The Civil War ended more than 150 years ago. But monuments commemorating Confederate history still retain the power to evoke raw emotions and divide communities.
On Sunday about 700 protesters faced off in New Orleans, where several monuments are being removed, reports CBS News correspondent Michelle Miller.
The Big Easy's debate is one that's happening in other Southern cities. In this battle over history, heritage and race, the mayor of New Orleans has said that these statues put the Confederacy on a pedestal, and that is out of step with today's values of racial diversity and inclusion.
Opposing protesters marched to a statue honoring Confederate General Robert E. Lee on Sunday.
On one side of the debate: Those who want the city's Confederate monuments taken down, saying they are symbols of racism and white supremacy.
"The fight that we're waging is against the city fathers who have refused to bring about genuine equality and freedom for the black people here," said Malcolm Suber of the activist organization #TakeEmDownNOLA.
On the other side: Supporters of the monuments who argue they honor Southern heritage and history.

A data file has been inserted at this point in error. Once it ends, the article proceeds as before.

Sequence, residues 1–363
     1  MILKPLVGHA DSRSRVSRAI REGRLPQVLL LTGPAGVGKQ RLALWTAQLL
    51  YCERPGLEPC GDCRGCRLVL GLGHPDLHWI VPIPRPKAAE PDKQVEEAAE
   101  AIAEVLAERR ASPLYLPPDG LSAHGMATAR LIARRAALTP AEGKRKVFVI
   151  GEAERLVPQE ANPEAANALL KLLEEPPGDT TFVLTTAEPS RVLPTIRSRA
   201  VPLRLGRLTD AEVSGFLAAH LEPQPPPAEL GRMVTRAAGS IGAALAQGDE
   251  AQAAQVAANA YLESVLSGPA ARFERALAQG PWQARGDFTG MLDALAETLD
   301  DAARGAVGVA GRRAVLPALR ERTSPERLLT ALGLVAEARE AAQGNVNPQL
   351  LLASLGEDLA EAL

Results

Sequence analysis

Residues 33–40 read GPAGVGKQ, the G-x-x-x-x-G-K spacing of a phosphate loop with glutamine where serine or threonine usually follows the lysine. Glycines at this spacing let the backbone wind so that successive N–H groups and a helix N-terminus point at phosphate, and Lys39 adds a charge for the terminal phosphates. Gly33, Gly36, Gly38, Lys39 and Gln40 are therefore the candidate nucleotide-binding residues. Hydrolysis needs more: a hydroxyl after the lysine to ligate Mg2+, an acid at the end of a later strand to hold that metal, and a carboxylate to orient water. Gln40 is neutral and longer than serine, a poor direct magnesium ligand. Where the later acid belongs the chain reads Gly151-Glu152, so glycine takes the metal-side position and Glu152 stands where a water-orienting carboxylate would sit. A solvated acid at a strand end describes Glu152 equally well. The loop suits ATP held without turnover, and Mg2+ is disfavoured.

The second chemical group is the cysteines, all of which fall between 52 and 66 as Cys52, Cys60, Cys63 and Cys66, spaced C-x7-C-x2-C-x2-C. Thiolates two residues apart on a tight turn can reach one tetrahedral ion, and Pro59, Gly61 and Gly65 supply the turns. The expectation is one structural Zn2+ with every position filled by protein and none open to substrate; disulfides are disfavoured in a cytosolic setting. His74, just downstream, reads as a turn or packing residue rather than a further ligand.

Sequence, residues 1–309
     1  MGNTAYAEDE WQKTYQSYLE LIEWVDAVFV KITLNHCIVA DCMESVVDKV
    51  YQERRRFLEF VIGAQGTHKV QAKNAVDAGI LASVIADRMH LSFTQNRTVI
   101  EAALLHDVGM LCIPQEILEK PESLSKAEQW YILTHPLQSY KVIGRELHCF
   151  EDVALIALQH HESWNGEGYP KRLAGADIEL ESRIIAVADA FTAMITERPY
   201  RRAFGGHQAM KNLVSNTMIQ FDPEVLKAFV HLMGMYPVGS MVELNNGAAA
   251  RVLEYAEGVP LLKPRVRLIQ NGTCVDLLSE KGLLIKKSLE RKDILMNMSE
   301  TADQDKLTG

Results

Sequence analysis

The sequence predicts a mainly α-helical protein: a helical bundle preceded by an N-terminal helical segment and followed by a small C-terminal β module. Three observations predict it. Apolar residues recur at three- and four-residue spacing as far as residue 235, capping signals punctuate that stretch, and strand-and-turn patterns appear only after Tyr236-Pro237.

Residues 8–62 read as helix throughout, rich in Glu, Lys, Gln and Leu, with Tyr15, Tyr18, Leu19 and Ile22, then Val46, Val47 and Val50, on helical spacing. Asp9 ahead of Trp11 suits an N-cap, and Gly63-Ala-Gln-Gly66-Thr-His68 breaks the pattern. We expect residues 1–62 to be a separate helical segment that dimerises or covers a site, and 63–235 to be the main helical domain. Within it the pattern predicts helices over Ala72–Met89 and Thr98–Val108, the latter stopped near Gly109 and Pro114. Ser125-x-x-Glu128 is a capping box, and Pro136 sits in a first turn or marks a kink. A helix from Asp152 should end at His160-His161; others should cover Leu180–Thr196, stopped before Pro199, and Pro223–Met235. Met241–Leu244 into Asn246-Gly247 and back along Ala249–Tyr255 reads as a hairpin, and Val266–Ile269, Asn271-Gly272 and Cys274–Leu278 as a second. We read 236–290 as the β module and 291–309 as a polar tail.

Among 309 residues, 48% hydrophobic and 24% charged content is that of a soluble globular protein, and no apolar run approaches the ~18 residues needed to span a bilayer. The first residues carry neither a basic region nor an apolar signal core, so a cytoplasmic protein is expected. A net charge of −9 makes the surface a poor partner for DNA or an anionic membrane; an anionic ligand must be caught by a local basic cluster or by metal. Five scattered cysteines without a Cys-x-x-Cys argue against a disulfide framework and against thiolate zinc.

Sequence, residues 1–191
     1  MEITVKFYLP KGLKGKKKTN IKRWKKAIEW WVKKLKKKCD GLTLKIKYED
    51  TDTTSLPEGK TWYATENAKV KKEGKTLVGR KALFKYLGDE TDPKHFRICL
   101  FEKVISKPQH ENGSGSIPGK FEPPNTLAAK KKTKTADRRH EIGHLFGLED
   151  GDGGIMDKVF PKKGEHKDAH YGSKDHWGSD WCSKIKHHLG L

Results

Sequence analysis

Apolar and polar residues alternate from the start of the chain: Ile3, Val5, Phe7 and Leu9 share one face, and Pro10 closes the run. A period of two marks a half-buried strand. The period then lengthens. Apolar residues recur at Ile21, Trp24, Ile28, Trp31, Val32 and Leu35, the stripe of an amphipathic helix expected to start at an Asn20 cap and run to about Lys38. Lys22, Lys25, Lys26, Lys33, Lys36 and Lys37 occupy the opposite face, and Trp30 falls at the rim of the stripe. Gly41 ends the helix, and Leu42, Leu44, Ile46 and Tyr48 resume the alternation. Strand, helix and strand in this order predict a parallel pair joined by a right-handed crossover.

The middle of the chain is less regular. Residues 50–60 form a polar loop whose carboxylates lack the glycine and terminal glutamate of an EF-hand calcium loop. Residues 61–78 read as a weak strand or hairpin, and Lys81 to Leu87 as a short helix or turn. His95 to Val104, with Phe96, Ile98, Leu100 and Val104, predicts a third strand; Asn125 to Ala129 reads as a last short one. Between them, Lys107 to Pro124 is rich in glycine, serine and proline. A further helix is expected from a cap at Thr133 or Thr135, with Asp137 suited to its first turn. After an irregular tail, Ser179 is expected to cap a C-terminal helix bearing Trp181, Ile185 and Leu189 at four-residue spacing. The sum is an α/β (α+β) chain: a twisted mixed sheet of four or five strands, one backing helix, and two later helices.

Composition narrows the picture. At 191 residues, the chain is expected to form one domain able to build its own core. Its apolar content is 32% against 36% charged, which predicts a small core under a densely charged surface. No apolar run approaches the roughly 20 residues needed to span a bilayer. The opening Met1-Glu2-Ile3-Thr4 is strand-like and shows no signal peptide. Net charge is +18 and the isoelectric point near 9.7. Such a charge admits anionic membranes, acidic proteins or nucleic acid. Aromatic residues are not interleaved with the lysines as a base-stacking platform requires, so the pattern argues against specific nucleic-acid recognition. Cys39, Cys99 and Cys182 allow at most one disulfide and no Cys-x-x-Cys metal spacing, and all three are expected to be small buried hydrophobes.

"We want it to stay," said Confederate statue supporter Michael Hill, president of the group League of the South. "We understand that most of us will only be here for a day, but it's a symbolic gesture of standing up for what we believe in."
The clash comes as the city plans to remove the statue of General Lee and two other Confederate monuments.
The first to go was the Liberty Place monument,. Citing safety concerns, crews wore masks and bulletproof vests.
The removal sparked protests, including a violent clash near the statue of Jefferson Davis, who served as president of the Confederacy.
As the city plans to remove the remaining monuments, tensions are high. The New Orleans Police Department confirms multiple threats have been made toward contractors hired by the city to take down the statues.
But New Orleans Mayor Mitch Landrieu says he's not backing down.
"The removal these statues sends a clear message, an unequivocal message to the people of New Orleans, and to the people of our nation, that New Orleans celebrates our diversity," Landrieu said.
The city of New Orleans says it is using private funding to take down the statues.
Officials say after they're removed, they'll be placed in storage and eventually relocated to a museum.
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